Wednesday, December 21, 2011

CSA Share: Sunchoke Soup

This winter, I've finally signed up for a CSA, or community supported agriculture from Greensgrow Farm in Kensington. Yes, there's a farm in Kensington. It's not all bad there.

It may not sound like it makes much sense to sign up for a CSA in the dead of winter, given that I live in the Northeast and local picks in the cold of winter mean lots of roots and cabbage. But I did it. It's been great so far. This week, I got a bunch of Jerusalem artichokes, or sunchokes in the share.

Sunchokes are related to the sunflower but taste like artichokes. They look like ginger, which confuses people. I handed my boyfriend a piece of ginger and a sunchoke and he couldn't tell which was which. Apparently, they can do a number on people's tummies since they contain inulin. The inulin is part of the reason why they aren't too popular.

But they really should be. Because, as I said, they taste like artichokes, but don't require all the prep of artichokes. They're little tubers, so you can just chop them up and do what you want with them. I didn't even bother to peel them.

I went the soup direction with my batch of sunchokes. If you don't know what to do with it, make soup, I guess. I could have roasted them, but given that it's winter, I have a feeling I will be sick of roasted veggies soon enough.

The soup was mad easy, as soup really should be. You throw stuff in a pot and heat and that's it. I based my soup off of this recipe from the Guardian. I say based because it's in British and metric and I didn't have the wherewithal to convert things. So I just threw stuff in. I think I used one leek, half a pound of sunchokes, and two potatoes. I didn't feel like cutting an onion, so I left that out. Since I didn't have cheddar, chestnuts or parsley, I didn't make the pesto either. My batch of soup made enough to feed me dinner last night and lunch today. All told, good times.

Sunday, December 18, 2011

Alcohol For the Holidays

DIY-ing it for the holidays continues to be trendy. Usually, I like to make a few gifts to give to family members at Christmas. Since I've started giving homemade gifts, the bar has gotten higher and higher. Cookies? That's so 2008. Bagels? 2010. This year, my homemade gifts are made out of booze.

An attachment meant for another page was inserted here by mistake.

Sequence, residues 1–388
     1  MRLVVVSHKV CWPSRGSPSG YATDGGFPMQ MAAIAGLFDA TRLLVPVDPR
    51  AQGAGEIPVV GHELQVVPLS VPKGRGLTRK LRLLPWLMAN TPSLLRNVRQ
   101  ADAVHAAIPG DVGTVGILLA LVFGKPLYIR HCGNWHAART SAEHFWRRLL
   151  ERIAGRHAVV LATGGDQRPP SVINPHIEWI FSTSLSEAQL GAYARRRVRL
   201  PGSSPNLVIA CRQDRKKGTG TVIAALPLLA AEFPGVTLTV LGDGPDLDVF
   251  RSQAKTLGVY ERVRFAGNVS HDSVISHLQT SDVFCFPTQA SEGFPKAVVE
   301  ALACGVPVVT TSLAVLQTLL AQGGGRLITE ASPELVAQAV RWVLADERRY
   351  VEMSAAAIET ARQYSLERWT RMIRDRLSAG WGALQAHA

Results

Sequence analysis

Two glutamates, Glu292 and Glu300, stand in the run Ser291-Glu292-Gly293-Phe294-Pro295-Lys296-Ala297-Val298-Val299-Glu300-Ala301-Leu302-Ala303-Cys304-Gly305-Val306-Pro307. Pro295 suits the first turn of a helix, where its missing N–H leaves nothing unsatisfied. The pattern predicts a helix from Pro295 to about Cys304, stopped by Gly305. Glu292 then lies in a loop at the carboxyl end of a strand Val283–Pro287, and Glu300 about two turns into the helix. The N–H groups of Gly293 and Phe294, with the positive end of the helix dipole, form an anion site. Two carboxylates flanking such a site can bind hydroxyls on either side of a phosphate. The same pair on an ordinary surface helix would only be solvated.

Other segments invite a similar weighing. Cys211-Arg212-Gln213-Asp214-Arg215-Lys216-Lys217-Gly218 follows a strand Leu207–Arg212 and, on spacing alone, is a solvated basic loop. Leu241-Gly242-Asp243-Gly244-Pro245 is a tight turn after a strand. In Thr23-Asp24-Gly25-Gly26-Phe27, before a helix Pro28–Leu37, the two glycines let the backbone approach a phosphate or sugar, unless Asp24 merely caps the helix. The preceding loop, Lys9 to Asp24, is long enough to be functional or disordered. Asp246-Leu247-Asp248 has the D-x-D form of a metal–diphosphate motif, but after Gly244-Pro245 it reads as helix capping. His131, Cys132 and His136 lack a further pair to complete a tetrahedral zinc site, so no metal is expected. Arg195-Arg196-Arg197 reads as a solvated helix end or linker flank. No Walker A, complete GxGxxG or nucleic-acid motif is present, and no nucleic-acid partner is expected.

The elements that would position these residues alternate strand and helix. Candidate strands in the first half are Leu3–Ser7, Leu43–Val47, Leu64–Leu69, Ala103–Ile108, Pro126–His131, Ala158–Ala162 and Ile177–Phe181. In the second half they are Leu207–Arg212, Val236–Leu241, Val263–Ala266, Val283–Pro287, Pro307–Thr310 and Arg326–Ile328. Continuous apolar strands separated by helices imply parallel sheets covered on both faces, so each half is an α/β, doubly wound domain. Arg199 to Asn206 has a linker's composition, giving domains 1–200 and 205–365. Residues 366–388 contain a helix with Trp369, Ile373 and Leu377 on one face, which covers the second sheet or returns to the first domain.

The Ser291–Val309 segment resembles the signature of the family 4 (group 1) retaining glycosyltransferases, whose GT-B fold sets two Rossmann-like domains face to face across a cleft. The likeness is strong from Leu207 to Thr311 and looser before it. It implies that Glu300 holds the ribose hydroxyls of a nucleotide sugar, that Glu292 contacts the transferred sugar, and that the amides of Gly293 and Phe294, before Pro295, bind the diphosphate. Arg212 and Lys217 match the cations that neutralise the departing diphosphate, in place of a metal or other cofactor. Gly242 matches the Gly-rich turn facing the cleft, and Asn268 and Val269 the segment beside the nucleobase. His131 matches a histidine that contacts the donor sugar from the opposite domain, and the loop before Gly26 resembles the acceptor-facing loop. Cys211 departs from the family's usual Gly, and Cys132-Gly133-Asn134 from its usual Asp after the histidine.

Judging from the buzz on the Internet, making your own liqueurs is popular this year. It's also pretty easy, depending on the liqueur you choose to make. I'm trying my hand at coffee liqueur, cranberry liqueur, and the ever-popular limoncello.

I got the recipe for coffee liqueur from Epicurious. It was almost impossibly easy. I did turn my back on the coffee syrup for a second though, resulting in a sticky boiling-over mess. I sampled a bit of the liqueur in a white Russian tonight and it was better than a certain name-brand booze, if I'm allowed to say that.

The cranberry liqueur recipe came from Cooking Light. Again, it was dead simple. Chop up 12 ounces of fresh cranberries, make some simple syrup, add vodka and let sit for a month. I just started the recipe a few days ago, so it won't be ready in time for Christmas.

Limoncello. Limoncello. Everyone gets all excited about this liqueur. It was actually the most annoying to make, as it involved removing the zesty-peel part of the lemons. The zesty-peel part of 10 lemons, actually. Using a slightly dull vegetable peeler and paring knife. I got lemon juice in my eyes twice. Currently, those peels are soaking 750 mL of vodka. After about a week, I'll add some simple syrup and let sit, then strain. I've never actually had limoncello, so I'm hoping it's good.

Thursday, December 15, 2011

New Work of Stitchery

That's my latest stitched piece. It's inspired by a pencil drawing I saw at the Philadelphia Museum of Art. Although I had the wherewithal to take a picture of the drawing, I didn't record its title or the artist. Guess I'll just have to go back there and take a look again.

I have big plans for this piece. I intend to do a series of the same design, in different colors and stitches. Some will be stretched over canvas, others left in their hoops. We'll see. In addition to this design, I plan on doing several other paintings or artworks as stitched pieces.

Monday, September 19, 2011

Gardentime 2011: Sunflowers

That thing looks pretty ugly, doesn't it? It's a little hard to believe that it went from looking like this:

To that in only a very short amount of time. I'm waiting for its seeds to ripen and develop before I cut it down.

Sunflowers seem to be all the rage this summer. Every urban garden has at least one growing. I've seen them popping up in random spots such as empty lots in West Philly and in front of gas stations or the CVS. While I'm glad to have grown this one, I doubt I'll do it again. It's a huge use of resources for little pay-off. I mean, sunflower seeds are great and all but it's much cheaper to get them from the bulk foods section at the Whole Foods or wherever than to grow a single giant flower and wait for the seeds to be ready.

The little sunflowers, on the other hand, are very much worth the effort. Look at how sunny they are:

Unfortunately, they had an even shorter shelf-life and gave up the ghost back in the middle of July, aided, as in all things, by those pesky alley cats.

Friday, September 16, 2011

Gardentime 2011: The Tomatoes Have Landed

Last year was the first time I tried growing tomatoes. I wasn't impressed. The plant produced maybe 5 fruits, most of them cracked and mottled. This year, I told myself I would stick with a bushy determinate type of tomato. Something small and manageable.

So Lord knows how I ended up with this guy:

That picture was actually taken a month or so ago, which explains why the basil is still small. The plant has only grown since then.

When it comes to eating tomatoes, I prefer the smaller cherry tomatoes. Not really thinking things through, I ordered a black cherry tomato plant from a farm at the beginning of the season.